Safe As Houses: 10 Charles Street, Woolloomooloo

Adam Smith 27 July 2017

News article on the murder at 10 Charles Street

A former circus clown’s drunken antics fail to amuse.

  • WARNING: The following article contains descriptions of violent crimes that some may find disturbing.

Bob Widgery was a born entertainer. The problem was, he didn’t know when to stop.

Bob had travelled Australia performing as a circus clown. Born a dwarf, Bob played his condition for laughs, as many would have been forced to do in the early 1900s. One of his most popular routines was riding a horse around the big top at full clip, only to be hoisted aloft by hidden wires while the horse continued from underneath him and Bob was left pedalling his legs fruitlessly in the air.

Long after his days with the circus were over, Bob still couldn’t help putting himself at the centre of attention. He moved into a small terrace house at 10 Charles Street in Woolloomooloo and proceeded to make a name for himself as the neighbourhood’s most reliable source for a good time.

“A good time”, for context, meant drunken parties that would have rivalled the antics of Bob’s circus days. As the Sydney Arrow put it in its report on Bob’s final days, “there is not an hostelry within miles of East Sydney where you will not meet people who will tell you how much they enjoyed [Bob’s] quips and jests”.

The quips and jests must have run afoul of at least one person, because on the morning of 4 February 1933, Bob’s body was found in the gutter opposite his house at 10 Charles Street.

Details are scant on what precisely brought Bob to such an end, a tin-opener shoved through his earlobe and into his jugular. But one fact is certain: it was preceded by a hell of a party.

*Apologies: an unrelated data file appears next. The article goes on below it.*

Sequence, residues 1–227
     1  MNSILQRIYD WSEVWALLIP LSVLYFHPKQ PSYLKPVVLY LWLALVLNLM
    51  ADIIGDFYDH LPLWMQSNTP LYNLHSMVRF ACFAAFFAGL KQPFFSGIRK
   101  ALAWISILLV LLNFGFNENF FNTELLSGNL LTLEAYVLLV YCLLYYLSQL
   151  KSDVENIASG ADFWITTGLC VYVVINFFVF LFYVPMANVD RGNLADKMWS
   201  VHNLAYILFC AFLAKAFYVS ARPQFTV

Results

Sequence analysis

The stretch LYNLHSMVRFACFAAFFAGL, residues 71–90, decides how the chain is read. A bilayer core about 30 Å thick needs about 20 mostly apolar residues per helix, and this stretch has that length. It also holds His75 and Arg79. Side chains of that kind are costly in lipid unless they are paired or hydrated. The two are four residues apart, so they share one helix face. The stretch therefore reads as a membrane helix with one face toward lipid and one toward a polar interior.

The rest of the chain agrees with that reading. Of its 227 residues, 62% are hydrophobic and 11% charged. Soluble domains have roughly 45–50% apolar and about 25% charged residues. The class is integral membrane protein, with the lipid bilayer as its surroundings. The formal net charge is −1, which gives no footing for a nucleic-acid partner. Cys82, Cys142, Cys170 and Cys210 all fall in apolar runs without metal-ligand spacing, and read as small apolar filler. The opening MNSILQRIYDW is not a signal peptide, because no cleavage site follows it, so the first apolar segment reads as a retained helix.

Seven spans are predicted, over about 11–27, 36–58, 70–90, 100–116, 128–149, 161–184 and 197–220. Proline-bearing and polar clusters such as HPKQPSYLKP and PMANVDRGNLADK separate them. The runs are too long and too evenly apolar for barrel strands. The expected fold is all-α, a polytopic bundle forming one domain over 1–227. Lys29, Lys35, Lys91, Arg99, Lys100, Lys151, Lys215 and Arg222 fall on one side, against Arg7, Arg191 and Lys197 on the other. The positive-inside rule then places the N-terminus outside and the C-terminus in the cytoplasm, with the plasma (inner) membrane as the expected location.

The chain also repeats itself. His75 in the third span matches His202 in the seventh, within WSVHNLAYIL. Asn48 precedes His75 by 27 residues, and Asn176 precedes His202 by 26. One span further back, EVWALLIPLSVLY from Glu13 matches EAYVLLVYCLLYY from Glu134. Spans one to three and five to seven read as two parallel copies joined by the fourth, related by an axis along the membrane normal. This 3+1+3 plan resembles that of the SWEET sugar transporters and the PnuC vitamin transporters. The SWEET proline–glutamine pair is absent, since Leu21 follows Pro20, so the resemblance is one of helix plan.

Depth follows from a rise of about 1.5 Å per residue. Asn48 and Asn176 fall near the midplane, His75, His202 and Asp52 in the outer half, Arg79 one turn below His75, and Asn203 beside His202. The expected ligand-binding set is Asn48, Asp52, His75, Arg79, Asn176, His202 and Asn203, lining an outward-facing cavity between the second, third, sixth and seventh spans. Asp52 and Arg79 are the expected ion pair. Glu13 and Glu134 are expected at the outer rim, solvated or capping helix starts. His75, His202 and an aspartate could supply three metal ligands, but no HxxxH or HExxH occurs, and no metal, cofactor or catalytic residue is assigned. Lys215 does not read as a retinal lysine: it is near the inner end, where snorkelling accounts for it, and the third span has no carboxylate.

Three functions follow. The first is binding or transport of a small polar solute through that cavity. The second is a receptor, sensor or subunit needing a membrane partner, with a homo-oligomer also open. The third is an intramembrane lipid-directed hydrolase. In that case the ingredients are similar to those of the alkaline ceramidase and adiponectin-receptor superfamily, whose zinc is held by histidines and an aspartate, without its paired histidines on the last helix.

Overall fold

Bob and his entourage (of mostly ladies) had engaged in bacchanalian revelry throughout the day, with the police being called to the address more than once to quell drunken brawls. So raucous was the party that at one point when the wine ran dry and no-one was forthcoming with funds, one of the women pawned her false teeth to buy more.

The story that police were eventually told after they followed the trail of blood from Bob’s body, across the street to number 10 and up the stairs to Bob’s room, was that he and his former roommate, John Kircaldy, had argued, and that Bob had pulled a knife.

John, a coal lumper by trade, had known Bob for about five years.

“He was a quarrelsome man,” John told police.

According to John, it was Bob who had caused trouble at the party, apparently over the affections of a young woman. He had pulled a knife, and John left.

“I did not have any argument with Widgery. I was not fighting with him in the bedroom. I did not throw him out of the door,” he said, “I got a pint of wine and went into the Domain to drink it. I do not remember much after that.”

John’s testimony directly contradicted that of two eyewitnesses, who said they saw John and Bob scuffle and John throw Bob into the street.

Ultimately, there were just too many conflicting accounts to definitively say what had happened to Bob. John Kircaldy wasn’t committed to stand trial for Bob’s murder.

The house at number 10 Charles Street

The house at number 10 Charles Street today. Source: Google Maps

The house where Bob held his final party still stands in Woolloomooloo. While there’s no data of historical sales, CoreLogic puts its current value between $1,725,000 and $2.2 million.

The Sydney Arrow describes a small throng of people gathering to mourn Bob at a funeral parlour on Elizabeth Street. Apart from the crowd stood one of Bob’s many female companions.

“Poor little chap,” she tearfully told the newspaper. “Us girls are sorry that he has gone.”

An entertainer to the end.

Each week, Safe as Houses looks at some of Australia's most notorious murders and the effect those killings have had on real estate values.

Picture credit: Trove

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